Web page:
Whether I’m meeting a new factory at a trade show or interviewing a factory for a client project, the one question that I always ask is ”What do you specialize in?” It may seem like a simple question, but how they answer tells me what type of work I should send them and whether I want to work with them at all.
Factories are set up to cut and sew products in an efficient, assembly-line fashion. It takes precise machinery, skilled people, and a thought-out workflow to output quality garments. Different types of fabrics, such as knits, silks, leather, or special occasion fabrics, require unique care in cutting and sewing. Different types of products also require specialized machinery or expertise. Product categories like suiting, activewear, bridal, or tactical gear each need a different combination of tools and machinery to put them together. When I ask a factory what they specialize in, I want to know what their machinery and skills are best set up to do. I only want to send them the type of product and fabric that they specialize in.
What they specialize in will be the thing that they do the most of and have the most experience in. Practice does make perfect, so sending them the type of product they are used to sewing all day every day will yield the highest quality. The less of a learning curve that’s needed to make your garment, the more likely they will get it perfect on the first sample.
Besides quality, another reason to ask what a factory specializes in is to get the best price. A factory that is set up to efficiently make your type of product will be able to give you a better price than one that has to reorder their workflow or set up a new machine. If it takes them less time and effort to sew, they can give you a more competitive price.
A specialized factory will also be able to suggest construction changes or offer other recommendations to improve the quality or lower the cost of your garment. Let them know you are open to their feedback and recommendations and take them seriously! If they have expertise in your product category, they will know better than anyone how your fabric handles and how your product comes together.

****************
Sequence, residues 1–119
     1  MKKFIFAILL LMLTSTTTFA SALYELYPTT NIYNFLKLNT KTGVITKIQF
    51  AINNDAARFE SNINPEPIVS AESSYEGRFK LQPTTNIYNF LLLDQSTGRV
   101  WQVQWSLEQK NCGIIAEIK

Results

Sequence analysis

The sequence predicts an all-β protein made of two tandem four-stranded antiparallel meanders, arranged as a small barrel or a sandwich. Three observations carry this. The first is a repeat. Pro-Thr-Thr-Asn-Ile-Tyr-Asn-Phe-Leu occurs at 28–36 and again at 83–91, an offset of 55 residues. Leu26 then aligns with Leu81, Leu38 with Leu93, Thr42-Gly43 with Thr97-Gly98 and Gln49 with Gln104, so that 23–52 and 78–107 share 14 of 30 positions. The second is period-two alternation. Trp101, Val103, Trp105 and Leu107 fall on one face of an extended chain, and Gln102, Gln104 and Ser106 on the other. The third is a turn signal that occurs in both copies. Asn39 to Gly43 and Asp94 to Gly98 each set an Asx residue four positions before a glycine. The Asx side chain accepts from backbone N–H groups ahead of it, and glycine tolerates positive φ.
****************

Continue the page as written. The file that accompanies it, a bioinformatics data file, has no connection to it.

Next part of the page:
Even if a factory has impeccable skill in one type of product or fabric, they may not have the equipment or experience to do your type of product with the same quality – even if your product is easier to make. I once worked with a factory that had opened up a new location and hired sewers who were skilled in tailored suiting. The factory was sewing cut-and-sew v-neck tees for us and, even though tees are far easier to make than a suit jacket, there were so many problems. The v-necks were crooked, neck bands were stretched unevenly, and sleeve seams were starting to tear open. This didn’t mean that they were a bad factory or had unskilled workers, it just meant that that location didn’t specialize in the product we were trying to make.
A good factory will tell you what they specialize in and tell you what machines they have. They will also tell you what they don’t do or can’t do at a competitive price. This is key. If a factory tells me that they can do anything, I take that as a red flag. They may be able to do everything, but I know they won’t be able to do everything (or perhaps anything) well.